The party aligned itself closely with the Conservative Party and Liberal Unionists to campaign to prevent the passage of a new Home Rule Bill. Its MPs took the Conservative whip at Westminster, and its members were often described as 'Conservatives' or 'Conservative Unionists', even though much of its support came from former Liberal voters. Among its most prominent members were the Dublin barrister, Sir Edward Carson, and the founder of Ireland's cooperative movement, Sir Horace Plunkett. Its electoral strength was largely (although not exclusively) concentrated in east Ulster and south Dublin.

The IUA became wracked by internal disagreement during the early twentieth century, with the issue of the partition of Ireland proving to be particularly divisive. Many unionists outside Ulster became resigned to the political necessity of Home Rule, while unionists in Ulster established a separate organisation, the Ulster Unionist Party (UUP). In 1919 the IUA finally split apart with the founding of the break-away Unionist Anti-Partition League, effectively signalling the death of institutional unionism in most of Ireland. The UUP continued to operate in Northern Ireland, and would go on to dominate domestic politics there for much of the twentieth century.

Ulster Covenant

Ulster's Solemn League and Covenant, commonly known as the Ulster Covenant, was signed by nearly 500,000 people on and before 28 September 1912, in protest against the Third Home Rule Bill introduced by the British Government in the same year. Sir Edward Carson was the first person to sign the Covenant at Belfast City Hall with a silver pen, followed by Lord Londonderry (the former viceroy of Ireland), representatives of the Protestant churches, and then by Sir James Craig. The signatories, 471,414 in all, were all against the establishment of a Home Rule parliament in Dublin. The Ulster Covenant is immortalised in Rudyard Kipling's poem "Ulster 1912". On 23 September 1912, the Ulster Unionist Council voted in favour of resolution pledging itself to the Covenant.The Covenant had two basic parts: the Covenant itself, which was signed by men, and the Declaration, which was signed by women. In total, the Covenant was signed by 237,368 men; the Declaration, by 234,046 women. Both the Covenant and Declaration are held by the Public Record Office of Northern Ireland (PRONI). An online searchable database is available on the PRONI website.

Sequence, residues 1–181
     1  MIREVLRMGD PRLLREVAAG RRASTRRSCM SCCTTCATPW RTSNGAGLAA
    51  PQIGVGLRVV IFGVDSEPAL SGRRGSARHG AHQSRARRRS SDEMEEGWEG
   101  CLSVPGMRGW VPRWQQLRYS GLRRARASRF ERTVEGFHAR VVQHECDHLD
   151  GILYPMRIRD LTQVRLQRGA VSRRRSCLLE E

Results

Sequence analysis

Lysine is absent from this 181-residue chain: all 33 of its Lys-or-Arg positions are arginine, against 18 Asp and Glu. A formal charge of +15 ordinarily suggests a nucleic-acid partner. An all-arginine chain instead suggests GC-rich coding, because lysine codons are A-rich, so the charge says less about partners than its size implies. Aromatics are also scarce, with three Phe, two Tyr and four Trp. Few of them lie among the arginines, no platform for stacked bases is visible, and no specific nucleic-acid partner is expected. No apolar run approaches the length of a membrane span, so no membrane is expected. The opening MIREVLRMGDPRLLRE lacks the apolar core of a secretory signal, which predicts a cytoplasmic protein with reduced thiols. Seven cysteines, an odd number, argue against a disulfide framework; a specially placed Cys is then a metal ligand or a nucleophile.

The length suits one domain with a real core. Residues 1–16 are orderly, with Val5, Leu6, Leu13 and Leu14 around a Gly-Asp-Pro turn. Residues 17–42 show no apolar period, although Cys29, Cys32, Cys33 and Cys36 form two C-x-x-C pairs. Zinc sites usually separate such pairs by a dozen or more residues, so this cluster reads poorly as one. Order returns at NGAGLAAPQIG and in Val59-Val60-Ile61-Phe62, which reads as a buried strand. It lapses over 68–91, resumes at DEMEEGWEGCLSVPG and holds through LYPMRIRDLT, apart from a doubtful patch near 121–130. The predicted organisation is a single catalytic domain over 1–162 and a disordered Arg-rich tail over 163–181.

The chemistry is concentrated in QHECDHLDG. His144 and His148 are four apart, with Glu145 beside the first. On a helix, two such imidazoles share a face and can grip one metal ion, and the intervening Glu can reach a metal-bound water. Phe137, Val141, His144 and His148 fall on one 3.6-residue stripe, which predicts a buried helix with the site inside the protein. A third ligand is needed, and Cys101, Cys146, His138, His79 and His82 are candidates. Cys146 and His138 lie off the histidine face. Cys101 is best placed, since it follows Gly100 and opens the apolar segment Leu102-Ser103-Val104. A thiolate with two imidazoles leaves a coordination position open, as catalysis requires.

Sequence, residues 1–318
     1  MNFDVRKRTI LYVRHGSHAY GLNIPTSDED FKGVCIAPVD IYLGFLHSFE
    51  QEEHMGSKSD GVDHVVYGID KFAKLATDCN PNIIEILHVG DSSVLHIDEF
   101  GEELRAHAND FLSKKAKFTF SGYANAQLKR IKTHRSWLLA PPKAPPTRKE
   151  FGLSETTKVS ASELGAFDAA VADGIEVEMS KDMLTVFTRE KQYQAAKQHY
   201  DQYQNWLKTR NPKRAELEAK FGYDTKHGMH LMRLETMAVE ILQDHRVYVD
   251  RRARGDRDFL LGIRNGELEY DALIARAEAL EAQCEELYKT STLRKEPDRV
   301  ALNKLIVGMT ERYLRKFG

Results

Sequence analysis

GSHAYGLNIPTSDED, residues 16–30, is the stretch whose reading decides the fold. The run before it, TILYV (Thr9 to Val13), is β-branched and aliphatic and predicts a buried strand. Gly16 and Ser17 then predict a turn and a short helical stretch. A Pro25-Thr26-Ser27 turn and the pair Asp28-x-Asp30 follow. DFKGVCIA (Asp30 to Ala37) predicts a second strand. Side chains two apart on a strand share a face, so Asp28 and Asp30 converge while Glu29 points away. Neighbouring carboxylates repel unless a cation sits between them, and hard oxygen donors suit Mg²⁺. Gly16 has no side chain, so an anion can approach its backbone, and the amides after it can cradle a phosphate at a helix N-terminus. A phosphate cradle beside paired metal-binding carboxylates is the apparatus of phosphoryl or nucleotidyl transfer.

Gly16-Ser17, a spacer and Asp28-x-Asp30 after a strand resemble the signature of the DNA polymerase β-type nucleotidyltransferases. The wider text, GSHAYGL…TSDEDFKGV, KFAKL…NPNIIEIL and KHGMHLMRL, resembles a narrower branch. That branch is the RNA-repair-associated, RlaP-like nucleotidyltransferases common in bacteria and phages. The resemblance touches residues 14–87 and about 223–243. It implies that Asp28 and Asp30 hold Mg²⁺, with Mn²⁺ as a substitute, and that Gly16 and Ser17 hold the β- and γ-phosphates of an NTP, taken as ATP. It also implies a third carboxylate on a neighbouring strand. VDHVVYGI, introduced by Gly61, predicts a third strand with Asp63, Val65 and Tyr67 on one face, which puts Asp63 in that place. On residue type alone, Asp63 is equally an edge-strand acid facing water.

In January 1913, the Ulster Volunteers aimed to recruit 100,000 men aged from 17 to 65 who had signed the Covenant as a unionist militia.A British Covenant, similar to the Ulster Covenant in opposition to the Home Rule Bill, received two million signatures in 1914.

September 28 is today known as 'Ulster day' to unionists.

Ulster Unionist Labour Association

The Ulster Unionist Labour Association was an association of trade unionists founded by Edward Carson in June 1918, aligned with the Ulster Unionists in Northern Ireland. Members were known as Labour Unionists. 1918 and 1919 were the years of intense class conflict throughout Britain. This period also saw a large increase in trade union membership and a series of strikes. These union activities raised fears in a section of the Ulster Unionist leadership, principally Edward Carson and R. Dawson Bates. Carson at this time was president of the British Empire Union, and had been predisposed to amplify the danger of a Bolshevik outbreak in Britain.

University of Dublin (constituency)

University of Dublin is a university constituency in Ireland, which currently elects three senators to Seanad Éireann. Its electorate comprises the undergraduate scholars and graduates of the University of Dublin, whose sole constituent college is Trinity College Dublin, so it is often also referred to as the Trinity College constituency. Between 1613 and 1937 it elected MPs or TDs to a series of representative legislative bodies.